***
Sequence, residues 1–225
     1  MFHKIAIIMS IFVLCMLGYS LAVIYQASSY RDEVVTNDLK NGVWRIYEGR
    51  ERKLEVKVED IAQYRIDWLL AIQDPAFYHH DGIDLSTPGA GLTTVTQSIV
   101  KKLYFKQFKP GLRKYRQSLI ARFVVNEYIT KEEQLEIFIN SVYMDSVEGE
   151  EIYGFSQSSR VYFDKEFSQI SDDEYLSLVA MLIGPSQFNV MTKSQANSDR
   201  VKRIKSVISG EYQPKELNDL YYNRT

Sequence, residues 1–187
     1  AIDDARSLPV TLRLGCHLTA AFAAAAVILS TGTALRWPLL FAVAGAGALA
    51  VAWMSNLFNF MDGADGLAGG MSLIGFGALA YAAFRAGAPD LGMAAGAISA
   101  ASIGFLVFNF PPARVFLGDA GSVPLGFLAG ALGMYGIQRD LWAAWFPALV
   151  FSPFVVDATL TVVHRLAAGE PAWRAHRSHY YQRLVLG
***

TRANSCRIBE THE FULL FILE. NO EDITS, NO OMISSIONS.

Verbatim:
Sequence, residues 1–225
     1  MFHKIAIIMS IFVLCMLGYS LAVIYQASSY RDEVVTNDLK NGVWRIYEGR
    51  ERKLEVKVED IAQYRIDWLL AIQDPAFYHH DGIDLSTPGA GLTTVTQSIV
   101  KKLYFKQFKP GLRKYRQSLI ARFVVNEYIT KEEQLEIFIN SVYMDSVEGE
   151  EIYGFSQSSR VYFDKEFSQI SDDEYLSLVA MLIGPSQFNV MTKSQANSDR
   201  VKRIKSVISG EYQPKELNDL YYNRT

Sequence, residues 1–187
     1  AIDDARSLPV TLRLGCHLTA AFAAAAVILS TGTALRWPLL FAVAGAGALA
    51  VAWMSNLFNF MDGADGLAGG MSLIGFGALA YAAFRAGAPD LGMAAGAISA
   101  ASIGFLVFNF PPARVFLGDA GSVPLGFLAG ALGMYGIQRD LWAAWFPALV
   151  FSPFVVDATL TVVHRLAAGE PAWRAHRSHY YQRLVLG